Planning board members complained that the abbreviated review under the Dover Amendment does not allow for a traditional site plan special review, at which the board and town officials can scrutinize issues like traffic, wastewater treatment, landscaping and building plans. Without that information, the planning board lacks the ability to have a meaningful role in the process, they argued.

“We still don’t know how many occupants” will be allowed, board member Elizabeth Patterson said. An earlier estimate indicated that there might be as many as 177 residents of the shelter, but the project documentation only indicates that the development will comply with maximum septic flows allowed by state law, with or without a special groundwater permit from the state.

Board Chair Paul McCormick, Jr., took issue with the planned siting of the two children’s play areas, which he said would be difficult for officials to directly monitor for safety. “I think that’s despicable,” he said.

It’s clear that the educational component of the proposal, required for eligibility under the Dover Exemption, is secondary to the sheltering component, board member Rick Hamlin opined.

“It’s my belief that HAC’s primary purpose is housing, not education,” he said.

Board member Adam Dunn said he believes there is a need for transitional sheltering for people who need housing, but he has concerns about some elements of the proposal.

“I think we all have real questions about this,” he said.

All of the members of the public who spoke at the hearing opposed the proposal, and many cited the possibility that the shelter might be used to house people who are in the country illegally. Eileen Starrs of the group Cape Cod Concerned Citizens said the planning board’s primary responsibility is to serve residents of the community, “and not a nonprofit entity seeking a work-around to their intended goal.”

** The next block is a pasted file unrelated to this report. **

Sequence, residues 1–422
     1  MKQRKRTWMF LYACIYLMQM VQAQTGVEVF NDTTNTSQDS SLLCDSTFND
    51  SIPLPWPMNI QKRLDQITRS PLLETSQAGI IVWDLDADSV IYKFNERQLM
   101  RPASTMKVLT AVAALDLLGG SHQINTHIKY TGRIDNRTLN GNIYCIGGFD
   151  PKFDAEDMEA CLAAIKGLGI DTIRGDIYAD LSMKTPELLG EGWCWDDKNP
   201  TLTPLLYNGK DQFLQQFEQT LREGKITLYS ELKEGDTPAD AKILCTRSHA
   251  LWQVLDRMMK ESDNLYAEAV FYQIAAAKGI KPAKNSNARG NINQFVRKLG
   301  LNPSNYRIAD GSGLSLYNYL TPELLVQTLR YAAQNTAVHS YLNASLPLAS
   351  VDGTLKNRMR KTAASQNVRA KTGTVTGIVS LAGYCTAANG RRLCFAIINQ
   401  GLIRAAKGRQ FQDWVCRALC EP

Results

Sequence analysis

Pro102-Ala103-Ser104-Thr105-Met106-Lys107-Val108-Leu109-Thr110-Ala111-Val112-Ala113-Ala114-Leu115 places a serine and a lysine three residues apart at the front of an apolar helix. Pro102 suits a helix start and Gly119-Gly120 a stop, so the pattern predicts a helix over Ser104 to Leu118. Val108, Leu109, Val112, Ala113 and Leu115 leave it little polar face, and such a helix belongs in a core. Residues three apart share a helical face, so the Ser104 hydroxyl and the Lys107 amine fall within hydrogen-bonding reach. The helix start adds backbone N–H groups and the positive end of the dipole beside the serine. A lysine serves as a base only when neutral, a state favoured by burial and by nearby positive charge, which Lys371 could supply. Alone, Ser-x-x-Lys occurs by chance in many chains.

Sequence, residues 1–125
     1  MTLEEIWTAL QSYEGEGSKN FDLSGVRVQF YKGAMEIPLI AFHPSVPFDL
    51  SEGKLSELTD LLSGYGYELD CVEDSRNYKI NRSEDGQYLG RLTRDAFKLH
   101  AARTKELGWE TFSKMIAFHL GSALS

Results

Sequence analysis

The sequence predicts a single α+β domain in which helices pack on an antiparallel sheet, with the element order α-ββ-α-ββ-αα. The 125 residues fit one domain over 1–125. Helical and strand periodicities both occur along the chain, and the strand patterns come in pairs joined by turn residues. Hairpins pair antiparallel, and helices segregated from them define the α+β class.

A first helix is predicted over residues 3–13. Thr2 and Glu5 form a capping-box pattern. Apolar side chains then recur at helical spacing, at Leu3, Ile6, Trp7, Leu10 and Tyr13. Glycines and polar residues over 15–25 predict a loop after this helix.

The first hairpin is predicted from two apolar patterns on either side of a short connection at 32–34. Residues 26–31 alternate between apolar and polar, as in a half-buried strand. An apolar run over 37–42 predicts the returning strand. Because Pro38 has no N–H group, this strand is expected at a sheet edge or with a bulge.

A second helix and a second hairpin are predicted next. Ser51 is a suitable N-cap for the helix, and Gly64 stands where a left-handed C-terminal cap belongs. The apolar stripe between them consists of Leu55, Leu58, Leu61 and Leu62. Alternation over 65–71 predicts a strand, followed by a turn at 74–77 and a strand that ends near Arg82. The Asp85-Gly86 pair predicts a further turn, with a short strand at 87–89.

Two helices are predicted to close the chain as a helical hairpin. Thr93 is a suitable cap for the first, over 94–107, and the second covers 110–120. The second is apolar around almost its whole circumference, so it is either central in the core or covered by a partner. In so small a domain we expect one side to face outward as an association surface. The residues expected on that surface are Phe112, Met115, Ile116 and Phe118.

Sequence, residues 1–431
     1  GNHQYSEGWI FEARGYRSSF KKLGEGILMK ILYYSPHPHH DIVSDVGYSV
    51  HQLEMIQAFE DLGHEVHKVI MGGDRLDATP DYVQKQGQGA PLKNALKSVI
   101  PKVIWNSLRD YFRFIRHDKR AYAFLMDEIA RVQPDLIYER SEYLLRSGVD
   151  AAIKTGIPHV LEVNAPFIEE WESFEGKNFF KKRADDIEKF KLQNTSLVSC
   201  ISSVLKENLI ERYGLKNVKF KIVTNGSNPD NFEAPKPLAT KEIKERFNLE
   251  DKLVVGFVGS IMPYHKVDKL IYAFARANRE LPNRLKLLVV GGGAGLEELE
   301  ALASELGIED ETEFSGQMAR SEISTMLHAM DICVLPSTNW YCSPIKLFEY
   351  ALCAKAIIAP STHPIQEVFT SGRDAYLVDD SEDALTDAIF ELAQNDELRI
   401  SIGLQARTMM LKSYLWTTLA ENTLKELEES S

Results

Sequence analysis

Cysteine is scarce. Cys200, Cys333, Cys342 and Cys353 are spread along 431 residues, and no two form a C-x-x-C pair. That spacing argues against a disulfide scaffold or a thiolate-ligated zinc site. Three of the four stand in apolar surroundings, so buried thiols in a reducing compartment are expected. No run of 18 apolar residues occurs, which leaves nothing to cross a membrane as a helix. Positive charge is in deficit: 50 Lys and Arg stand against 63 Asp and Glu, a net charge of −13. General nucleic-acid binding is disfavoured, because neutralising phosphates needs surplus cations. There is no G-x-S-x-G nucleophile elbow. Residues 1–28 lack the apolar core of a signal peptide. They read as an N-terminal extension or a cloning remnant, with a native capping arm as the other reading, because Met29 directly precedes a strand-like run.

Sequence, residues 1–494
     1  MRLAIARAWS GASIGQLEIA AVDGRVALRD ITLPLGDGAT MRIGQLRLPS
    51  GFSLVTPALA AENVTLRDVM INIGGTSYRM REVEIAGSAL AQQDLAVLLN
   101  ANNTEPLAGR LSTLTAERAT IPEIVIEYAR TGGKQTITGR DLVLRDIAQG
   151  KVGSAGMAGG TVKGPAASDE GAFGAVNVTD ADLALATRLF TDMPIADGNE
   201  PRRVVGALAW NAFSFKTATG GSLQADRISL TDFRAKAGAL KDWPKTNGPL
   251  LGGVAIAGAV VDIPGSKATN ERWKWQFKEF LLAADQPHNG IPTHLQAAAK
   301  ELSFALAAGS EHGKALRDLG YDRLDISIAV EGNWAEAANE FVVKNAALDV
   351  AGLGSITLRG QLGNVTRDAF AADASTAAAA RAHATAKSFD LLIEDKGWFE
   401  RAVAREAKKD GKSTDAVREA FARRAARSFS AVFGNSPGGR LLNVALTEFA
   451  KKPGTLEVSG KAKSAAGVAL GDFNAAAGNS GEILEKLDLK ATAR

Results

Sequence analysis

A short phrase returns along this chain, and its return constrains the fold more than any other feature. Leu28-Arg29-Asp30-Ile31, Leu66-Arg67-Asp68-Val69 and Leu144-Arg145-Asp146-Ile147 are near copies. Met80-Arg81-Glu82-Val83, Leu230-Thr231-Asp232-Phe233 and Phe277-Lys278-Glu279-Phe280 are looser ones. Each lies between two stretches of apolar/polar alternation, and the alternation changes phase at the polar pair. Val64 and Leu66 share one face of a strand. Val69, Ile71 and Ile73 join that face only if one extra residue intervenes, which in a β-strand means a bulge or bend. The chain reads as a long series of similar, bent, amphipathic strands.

Chatham resident Tom Murphy said the shelter is not to help local people.

“It’s to help [Governor] Maura Healy’s immigrants,” he said. “It’s not going to help young people like me who are living on couches with family because we can’t find apartments down here. It’s going to foreigners who’ve been flown in from Haiti or Mexico or wherever,” he said.

Freeman said the state’s emergency assistance program is a source of funding for the project, “but it requires that they be legally documented residents, not illegals. Legally documented.”

Dennis Town Counsel Amy Kwesell reminded the planning board that it was the building commissioner’s determination that the project is eligible for the Dover Amendment. “Your board is not determining the use,” she said.

As for whether the HAC project qualifies for inclusion, Town Planner Paul Foley said that while the statute is fairly specific, “over time, the courts have broadened that definition” to allow educational uses that are not traditional classrooms. “It’s not what everybody thinks of as a school, but there are educational aspects to it,” he said.

The planning board voted to appeal the decisions of both the building commissioner and the Cape Cod Commission, though It was not immediately clear what the legal mechanisms would be for doing so.

“The Commission is aware of the Planning Board’s vote last evening,” Cape Cod Commission Communications Manager Sarah Colvin wrote in an email to The Chronicle. “We will monitor how the Planning Board proceeds in furtherance of that vote and respond accordingly.”